The Norfolk based Gypsy Caravan Company are traditional caravan builders and restorers. They have recently worked on a partnership with Farrow & Ball to decorate some of their traditional caravans in Vardo, one of the nine new colours from Farrow & Ball. Read the interview with Laurence who first started the Gypsy Caravan company over 30 years ago below:
TC: How did you first discover that you wanted to start designing and creating traditional caravans?
GC: Through an interest in working on horse drawn vehicles, we become involved in restoring some older caravans – or ‘vardos’ and realised that very few of the grander styles, like the Reading caravan, were still around. So we decided to start building our own.
Please talk us through the method that you usually go when you’re creating one of your pieces.
Every caravan is unique. We work closely with each client finding out how they plan to use the caravan, discussing the design, colour scheme and soft furnishings to ensure the finished result is exactly what they want. Some people see the caravan as a practical way of providing a spare bedroom for visitors, others want a den or study. Sometimes it’s aimed at the younger members of the family and often it’s for the grown ups to have a place to relax. The beauty of one of our caravans is that they can be used for all those things.
Where do you usually look to get your design inspiration?
Over the years we have seen hundreds of caravans in museums, private collections and indeed those that we have worked on ourselves and have built up a substantial library of photographs from which to draw ideas. There is so much to learn from the early carriage builders – why things were designed a certain way, why a particular type of wood is used for a specific purpose etc. Key to all our Reading caravans are the wooden wheels which are still made in the time-honoured way. There are cheaper alternatives, but they just don’t look right.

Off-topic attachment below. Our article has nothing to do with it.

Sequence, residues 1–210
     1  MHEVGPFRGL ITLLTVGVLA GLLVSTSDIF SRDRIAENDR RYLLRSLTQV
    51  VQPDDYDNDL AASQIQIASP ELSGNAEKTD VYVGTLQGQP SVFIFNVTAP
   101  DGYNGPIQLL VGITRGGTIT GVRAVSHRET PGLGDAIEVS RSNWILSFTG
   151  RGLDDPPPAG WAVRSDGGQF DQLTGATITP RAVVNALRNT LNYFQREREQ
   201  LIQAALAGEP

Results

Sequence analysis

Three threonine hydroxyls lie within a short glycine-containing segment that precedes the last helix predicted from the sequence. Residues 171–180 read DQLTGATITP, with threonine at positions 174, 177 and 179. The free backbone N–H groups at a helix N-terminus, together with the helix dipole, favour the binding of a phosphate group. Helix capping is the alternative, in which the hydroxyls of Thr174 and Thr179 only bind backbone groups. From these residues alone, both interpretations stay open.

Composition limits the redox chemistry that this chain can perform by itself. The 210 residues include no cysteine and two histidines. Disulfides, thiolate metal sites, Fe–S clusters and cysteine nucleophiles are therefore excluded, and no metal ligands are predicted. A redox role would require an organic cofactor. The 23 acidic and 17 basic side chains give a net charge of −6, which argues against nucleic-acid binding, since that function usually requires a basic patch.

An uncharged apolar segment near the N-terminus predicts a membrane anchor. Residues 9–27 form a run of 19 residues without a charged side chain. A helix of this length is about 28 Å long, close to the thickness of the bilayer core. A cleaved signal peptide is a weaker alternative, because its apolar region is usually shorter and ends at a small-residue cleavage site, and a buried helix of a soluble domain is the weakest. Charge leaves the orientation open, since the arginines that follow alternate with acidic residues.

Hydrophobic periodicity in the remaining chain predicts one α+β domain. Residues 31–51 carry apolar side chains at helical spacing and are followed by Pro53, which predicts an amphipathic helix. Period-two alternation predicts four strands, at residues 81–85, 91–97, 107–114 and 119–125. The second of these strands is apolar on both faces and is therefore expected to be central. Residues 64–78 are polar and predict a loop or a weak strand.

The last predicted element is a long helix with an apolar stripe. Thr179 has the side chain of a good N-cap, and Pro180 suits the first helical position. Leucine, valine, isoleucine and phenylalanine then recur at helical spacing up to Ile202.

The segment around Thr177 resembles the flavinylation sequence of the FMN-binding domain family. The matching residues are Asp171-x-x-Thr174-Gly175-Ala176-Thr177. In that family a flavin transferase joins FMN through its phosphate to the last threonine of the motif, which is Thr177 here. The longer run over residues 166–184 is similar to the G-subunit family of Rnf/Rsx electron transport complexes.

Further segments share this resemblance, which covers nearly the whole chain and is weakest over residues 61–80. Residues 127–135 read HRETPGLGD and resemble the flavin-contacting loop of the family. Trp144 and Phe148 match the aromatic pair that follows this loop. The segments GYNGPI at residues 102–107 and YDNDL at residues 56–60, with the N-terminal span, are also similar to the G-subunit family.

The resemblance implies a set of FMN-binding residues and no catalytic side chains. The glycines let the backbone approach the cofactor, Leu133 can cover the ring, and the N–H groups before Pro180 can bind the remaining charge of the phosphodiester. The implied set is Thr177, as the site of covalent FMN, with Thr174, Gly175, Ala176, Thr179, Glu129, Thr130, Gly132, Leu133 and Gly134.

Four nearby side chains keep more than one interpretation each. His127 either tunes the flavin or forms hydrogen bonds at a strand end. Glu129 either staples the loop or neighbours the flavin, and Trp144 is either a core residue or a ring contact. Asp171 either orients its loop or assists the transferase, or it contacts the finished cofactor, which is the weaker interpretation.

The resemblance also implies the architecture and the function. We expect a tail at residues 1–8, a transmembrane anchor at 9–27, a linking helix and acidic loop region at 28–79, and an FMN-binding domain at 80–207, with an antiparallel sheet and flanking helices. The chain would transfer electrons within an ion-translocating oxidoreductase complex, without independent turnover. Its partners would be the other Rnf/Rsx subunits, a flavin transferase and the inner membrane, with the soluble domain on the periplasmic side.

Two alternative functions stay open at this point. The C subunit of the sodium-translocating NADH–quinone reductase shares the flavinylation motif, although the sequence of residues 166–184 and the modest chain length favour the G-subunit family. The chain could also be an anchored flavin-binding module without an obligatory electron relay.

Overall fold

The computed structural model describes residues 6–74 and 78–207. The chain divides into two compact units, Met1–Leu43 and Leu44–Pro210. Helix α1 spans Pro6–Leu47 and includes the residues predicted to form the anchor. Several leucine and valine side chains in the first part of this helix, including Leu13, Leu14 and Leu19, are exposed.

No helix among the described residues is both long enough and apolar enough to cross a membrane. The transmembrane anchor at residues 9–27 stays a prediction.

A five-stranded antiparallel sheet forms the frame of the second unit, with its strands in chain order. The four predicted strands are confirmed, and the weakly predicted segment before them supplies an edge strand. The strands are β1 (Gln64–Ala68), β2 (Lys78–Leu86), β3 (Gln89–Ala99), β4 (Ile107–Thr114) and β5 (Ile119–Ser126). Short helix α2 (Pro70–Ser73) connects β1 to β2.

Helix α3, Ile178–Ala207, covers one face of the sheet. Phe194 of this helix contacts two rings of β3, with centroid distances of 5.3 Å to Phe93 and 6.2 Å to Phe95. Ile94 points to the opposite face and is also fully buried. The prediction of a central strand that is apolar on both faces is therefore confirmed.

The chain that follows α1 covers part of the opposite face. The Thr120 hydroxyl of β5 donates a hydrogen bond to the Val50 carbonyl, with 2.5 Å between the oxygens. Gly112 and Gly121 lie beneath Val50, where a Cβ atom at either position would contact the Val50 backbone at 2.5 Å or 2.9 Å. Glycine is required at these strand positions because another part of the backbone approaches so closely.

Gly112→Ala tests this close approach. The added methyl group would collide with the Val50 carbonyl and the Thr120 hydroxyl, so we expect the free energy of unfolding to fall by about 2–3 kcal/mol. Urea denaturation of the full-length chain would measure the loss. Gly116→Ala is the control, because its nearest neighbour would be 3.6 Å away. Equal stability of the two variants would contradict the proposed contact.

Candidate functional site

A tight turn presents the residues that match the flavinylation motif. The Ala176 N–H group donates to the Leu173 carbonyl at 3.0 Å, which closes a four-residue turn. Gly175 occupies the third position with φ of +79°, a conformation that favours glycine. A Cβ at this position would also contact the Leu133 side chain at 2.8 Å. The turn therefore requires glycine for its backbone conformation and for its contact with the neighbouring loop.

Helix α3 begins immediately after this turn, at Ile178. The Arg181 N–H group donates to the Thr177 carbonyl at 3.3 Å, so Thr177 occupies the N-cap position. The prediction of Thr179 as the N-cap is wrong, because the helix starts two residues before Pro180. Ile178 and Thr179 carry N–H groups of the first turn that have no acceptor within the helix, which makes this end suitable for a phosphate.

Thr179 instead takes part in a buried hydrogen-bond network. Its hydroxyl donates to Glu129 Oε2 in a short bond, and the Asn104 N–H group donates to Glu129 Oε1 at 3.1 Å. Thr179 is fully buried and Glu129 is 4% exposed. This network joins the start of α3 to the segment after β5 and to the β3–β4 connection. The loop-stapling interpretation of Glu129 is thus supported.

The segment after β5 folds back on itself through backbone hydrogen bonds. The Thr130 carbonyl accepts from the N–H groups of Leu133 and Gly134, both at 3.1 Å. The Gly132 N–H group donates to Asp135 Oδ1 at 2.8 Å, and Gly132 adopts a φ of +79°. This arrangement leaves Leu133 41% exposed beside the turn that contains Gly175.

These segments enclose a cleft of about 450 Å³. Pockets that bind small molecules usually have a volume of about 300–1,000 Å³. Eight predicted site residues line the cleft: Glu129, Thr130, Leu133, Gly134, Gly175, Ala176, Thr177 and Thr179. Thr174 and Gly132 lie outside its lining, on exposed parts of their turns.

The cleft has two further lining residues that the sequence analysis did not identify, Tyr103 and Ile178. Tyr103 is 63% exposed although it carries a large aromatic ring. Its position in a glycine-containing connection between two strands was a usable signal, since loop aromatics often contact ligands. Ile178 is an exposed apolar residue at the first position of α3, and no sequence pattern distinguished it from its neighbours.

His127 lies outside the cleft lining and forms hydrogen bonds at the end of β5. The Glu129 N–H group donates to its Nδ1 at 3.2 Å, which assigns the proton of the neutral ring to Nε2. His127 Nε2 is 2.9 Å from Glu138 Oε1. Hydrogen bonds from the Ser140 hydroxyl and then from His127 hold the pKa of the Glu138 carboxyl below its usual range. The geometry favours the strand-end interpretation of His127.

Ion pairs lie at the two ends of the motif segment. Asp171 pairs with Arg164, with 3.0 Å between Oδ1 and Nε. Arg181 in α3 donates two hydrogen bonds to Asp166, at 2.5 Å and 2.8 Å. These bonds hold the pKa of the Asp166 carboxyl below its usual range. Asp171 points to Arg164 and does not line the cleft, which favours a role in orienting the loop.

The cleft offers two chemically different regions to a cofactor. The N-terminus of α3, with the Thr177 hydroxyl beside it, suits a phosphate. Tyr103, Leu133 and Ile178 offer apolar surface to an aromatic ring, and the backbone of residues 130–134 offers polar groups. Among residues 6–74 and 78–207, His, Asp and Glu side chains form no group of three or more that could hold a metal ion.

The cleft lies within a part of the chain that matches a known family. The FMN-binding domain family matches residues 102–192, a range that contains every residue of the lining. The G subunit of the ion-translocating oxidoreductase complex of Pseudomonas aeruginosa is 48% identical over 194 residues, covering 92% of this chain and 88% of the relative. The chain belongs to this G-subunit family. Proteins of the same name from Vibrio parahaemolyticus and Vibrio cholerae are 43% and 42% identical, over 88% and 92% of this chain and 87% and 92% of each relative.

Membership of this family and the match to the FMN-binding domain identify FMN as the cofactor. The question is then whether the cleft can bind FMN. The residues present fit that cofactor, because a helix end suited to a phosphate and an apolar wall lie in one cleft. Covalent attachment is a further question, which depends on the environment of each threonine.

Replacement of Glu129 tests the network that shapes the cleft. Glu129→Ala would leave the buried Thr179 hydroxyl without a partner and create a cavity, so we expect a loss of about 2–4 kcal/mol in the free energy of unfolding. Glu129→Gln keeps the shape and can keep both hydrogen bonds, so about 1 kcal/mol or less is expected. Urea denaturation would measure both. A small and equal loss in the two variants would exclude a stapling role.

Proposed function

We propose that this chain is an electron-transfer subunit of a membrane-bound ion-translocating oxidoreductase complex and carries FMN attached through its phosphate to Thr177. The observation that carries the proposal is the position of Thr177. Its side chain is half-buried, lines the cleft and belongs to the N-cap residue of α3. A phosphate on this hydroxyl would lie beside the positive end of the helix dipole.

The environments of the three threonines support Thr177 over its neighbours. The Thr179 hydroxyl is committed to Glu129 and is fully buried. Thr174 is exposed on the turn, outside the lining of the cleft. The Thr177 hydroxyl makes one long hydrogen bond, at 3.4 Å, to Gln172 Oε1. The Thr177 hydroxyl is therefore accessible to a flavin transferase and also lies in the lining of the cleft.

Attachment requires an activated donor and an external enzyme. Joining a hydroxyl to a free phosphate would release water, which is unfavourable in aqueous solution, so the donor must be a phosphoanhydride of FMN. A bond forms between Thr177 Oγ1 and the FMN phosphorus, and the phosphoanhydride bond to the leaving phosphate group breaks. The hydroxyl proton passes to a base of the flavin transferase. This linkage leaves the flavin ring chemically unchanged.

This style of caravan has such evokes such a sense of nostalgia, how does it feel to know that you’re contributing to keeping an age-old tradition alive?
It’s tremendously rewarding to see people’s reaction when they see one of our caravans, whether it’s the ‘wow’ factor when prospective customers first enter our workshop or the many people who stop and smile as we drive past on our way to deliver a caravan. Maybe it’s something remembered from a childhood storybook, but everyone seems to have a soft spot for them. So whether we’re building a new Reading caravan in the style of an older one or possibly restoring a vintage caravan, we get a great sense of satisfaction from what we do.
What’s your favourite caravan that you have produced?
That’s a hard one as we love them all. Of course our very first caravan will always be special, but we’ve since built many. To be honest, as much as the caravans, it’s the customers we remember…as well as the many couples and families who have bought one, there’s the inner city school who bought one as a creative area for the children, the pop star who bought two as family Christmas presents, the children’s library who persuaded us to build a miniature version so it could fit indoors and was used as a reading area, the man who bought one as a silver wedding anniversary surprise for his wife, the classical composer who uses his for inspiration and the lady in her seventies who had always dreamed of having one –there wasn’t a dry eye the day we delivered that one…
Why do you think it is so important that the more historic ways of life and methods of production are still used today?
So many things are now mass produced, lacking in originality or of poor quality and I know our customers value the care, expertise and individuality that goes into every caravan we produce. It’s often the case that we only value something when it’s gone and it’s too late to bring it back, but we have been fortunate enough to have been helped and encouraged by some very gifted people who learned their trade many decades ago and still do things the way they used to be done.
What advice would you give to someone looking to learn a traditional craft.
There seems to be a growing appreciation of cottage industries and things that are hand made, so I would encourage anyone with an interest in a particular craft to do as much research as possible, read books, visit museums, but most importantly, find someone prepared to share their knowledge and skills and work alongside them.